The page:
Algeria was a transit point for movement along the coast between Europe and the Middle East from early times and that coastal region is often referred to as the Maghreb.
Early conquerors were the Carthaginians and then the Romans followed by the Byzantines. Islam came to the area in the 8th Century with the invasion by the Arabs. That in turn led to the coming of the Ottomans in the 1500s, although along the coastal areas there was also a strong Spanish influence.
The Barbary Wars of the early 1800s led to the involvement of the United States of America, but the modern Algeria we see today was drawn up by the French in the 1830s.
By the end of World War One nationalism had crept into Algeria and the resistance to the French was led by the National Liberation Front (FLN) and the National Algerian Movement. Whilst Algeria supported France in World War Two, internal tensions grew and widespread protests followed in 1945 with violence leading to a large number of deaths. Subsequent Algerian governments have suggested that the death toll during this period was as high as 50,000.
In 1947 the French National Assembly proposed an Algerian Assembly but it fell short of nationalist demands and the country entered into a war of independence. The war lasted from 1954 to 1962 and as many as one million Algerians are believed to have died.
A referendum was eventually held on 1st July 1962 and Algeria was declared independent on 3rd July 1962.
A new constitution was adopted in September 1963 and Ahmed Ben Bella was elected the first president of Algeria. The war had been very destructive and with many educated people leaving the country further political turmoil ensued. A military coup in 1965 saw Ben Bella replaced by the former defence minister Houari Boumedienne. Power moved to the military controlled Council of the Revolution and eleven years after coming to power a new constitution was introduced and Houari Boumedienne was elected in 1976 with 99.5% of the vote.
Boumedienne died in 1978 and following a power struggle Colonel Chadli Bendjedid was sworn in as the new president on 9th February 1979 having won an election by taking 99.4% of the vote. He won again in 1984 when he took 99.42% and in 1988 with 93.26%.
1989 saw a new constitution which introduced political parties. The resulting 1991 election saw the National Liberation Front, who had ruled since 1962, reduced from 295 seats to just 15 seats in the smaller 231 seat National People’s Assembly. The main winners were the Islamic National Front which won 188 seats, but the army intervened and no further elections were held until 1997.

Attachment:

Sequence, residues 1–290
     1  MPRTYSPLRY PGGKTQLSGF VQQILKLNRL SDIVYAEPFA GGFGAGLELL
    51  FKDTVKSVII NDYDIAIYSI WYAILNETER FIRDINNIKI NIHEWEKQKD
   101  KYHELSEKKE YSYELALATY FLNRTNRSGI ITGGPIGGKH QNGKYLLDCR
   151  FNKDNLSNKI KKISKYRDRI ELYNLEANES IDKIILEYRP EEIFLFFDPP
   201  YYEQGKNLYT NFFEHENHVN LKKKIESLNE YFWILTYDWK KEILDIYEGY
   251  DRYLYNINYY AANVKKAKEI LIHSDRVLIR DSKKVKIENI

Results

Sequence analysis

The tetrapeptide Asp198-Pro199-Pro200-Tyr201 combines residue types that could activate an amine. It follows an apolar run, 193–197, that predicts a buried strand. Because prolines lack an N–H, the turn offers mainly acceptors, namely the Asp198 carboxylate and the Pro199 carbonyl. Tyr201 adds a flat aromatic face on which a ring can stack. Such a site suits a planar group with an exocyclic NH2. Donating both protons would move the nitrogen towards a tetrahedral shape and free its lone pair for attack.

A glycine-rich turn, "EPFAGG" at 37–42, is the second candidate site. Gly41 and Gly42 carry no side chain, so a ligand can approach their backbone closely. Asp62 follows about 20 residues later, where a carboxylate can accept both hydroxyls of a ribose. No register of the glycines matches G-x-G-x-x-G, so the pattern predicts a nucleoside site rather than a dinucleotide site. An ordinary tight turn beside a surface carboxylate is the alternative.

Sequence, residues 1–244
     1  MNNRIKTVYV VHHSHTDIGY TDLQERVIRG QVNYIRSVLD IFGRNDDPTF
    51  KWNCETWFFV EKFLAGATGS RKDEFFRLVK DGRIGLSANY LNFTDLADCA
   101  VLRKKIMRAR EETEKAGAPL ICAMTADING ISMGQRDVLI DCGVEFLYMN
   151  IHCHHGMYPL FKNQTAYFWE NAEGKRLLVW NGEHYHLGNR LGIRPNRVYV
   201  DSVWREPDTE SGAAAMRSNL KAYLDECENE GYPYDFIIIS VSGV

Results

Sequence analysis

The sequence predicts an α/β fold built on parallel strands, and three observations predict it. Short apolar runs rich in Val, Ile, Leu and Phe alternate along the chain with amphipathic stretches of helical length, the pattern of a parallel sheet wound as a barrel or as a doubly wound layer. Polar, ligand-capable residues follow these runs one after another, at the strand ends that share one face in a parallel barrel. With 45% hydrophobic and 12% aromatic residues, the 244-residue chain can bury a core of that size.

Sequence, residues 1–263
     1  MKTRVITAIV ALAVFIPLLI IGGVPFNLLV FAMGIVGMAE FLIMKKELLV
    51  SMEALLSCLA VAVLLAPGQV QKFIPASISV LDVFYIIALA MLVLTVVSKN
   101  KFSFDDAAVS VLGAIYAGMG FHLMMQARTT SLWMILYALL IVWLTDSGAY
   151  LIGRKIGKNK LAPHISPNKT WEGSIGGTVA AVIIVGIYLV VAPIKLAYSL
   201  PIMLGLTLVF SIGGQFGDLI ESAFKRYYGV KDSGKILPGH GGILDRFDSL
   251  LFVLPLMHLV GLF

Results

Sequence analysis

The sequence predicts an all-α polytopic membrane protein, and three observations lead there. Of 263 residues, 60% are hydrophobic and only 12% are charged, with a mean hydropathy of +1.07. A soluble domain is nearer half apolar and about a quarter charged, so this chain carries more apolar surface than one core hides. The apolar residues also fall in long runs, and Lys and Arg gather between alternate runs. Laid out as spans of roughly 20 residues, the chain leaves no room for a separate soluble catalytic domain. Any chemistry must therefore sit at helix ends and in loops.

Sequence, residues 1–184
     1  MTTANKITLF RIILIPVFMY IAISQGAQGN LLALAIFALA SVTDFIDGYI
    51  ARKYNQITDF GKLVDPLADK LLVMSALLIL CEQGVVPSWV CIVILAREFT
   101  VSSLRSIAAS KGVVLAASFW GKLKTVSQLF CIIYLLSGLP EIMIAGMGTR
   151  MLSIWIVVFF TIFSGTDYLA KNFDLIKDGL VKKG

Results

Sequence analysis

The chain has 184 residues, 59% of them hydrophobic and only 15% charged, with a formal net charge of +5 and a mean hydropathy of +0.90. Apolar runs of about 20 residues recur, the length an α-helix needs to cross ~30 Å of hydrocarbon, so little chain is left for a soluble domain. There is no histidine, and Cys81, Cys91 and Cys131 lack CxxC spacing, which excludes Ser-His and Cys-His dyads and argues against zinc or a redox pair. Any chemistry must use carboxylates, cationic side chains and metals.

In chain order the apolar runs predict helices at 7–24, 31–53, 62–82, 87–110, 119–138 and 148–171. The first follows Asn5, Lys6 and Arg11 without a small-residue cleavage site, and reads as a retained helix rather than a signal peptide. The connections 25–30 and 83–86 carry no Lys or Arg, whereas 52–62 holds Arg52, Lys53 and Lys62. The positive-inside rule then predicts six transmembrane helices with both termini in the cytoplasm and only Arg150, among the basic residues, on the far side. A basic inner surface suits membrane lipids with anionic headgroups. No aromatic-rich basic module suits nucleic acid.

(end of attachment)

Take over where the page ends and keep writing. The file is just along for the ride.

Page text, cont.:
In those elections the National Rally for Democracy (RND), a pro-government party, took 156 seats and the FLN took 62 seats. In the 1999 presidential election Abdelaziz Bouteflika of the FLN won with 73.8% of the vote. He won again in 2004 taking 85% and when term limits were dropped he stood again in 2009 and won, taking 90.24% of the vote but on a very low turnout.
In 2004 the National Liberation Front, National Rally for Democracy and the Movement of Society for Peace came together to form the ‘Presidential Alliance’ which supports the incumbent president Abdelaziz Bouteflika. Between them they hold 249 of the 389 seats in the National People’s Assembly.
The President is elected for a five year term with no term limits.
There is a bicameral Parliament with the National Council and the National People’s Assembly. The National Council consists of 144 members serving six year terms with one half of the members being renewed every three years. 96 members are indirectly elected from 48 x 2 seat wilayas (administrative districts) and the balancing 48 are appointed by the President. The National People’s Assembly has 462 members.
The Transparency International Corruption Perceptions Index (CPI) 2016 places Algeria at joint 108th out of 176 countries with a CPI 2016 score of 34 (where 100 is least corrupt).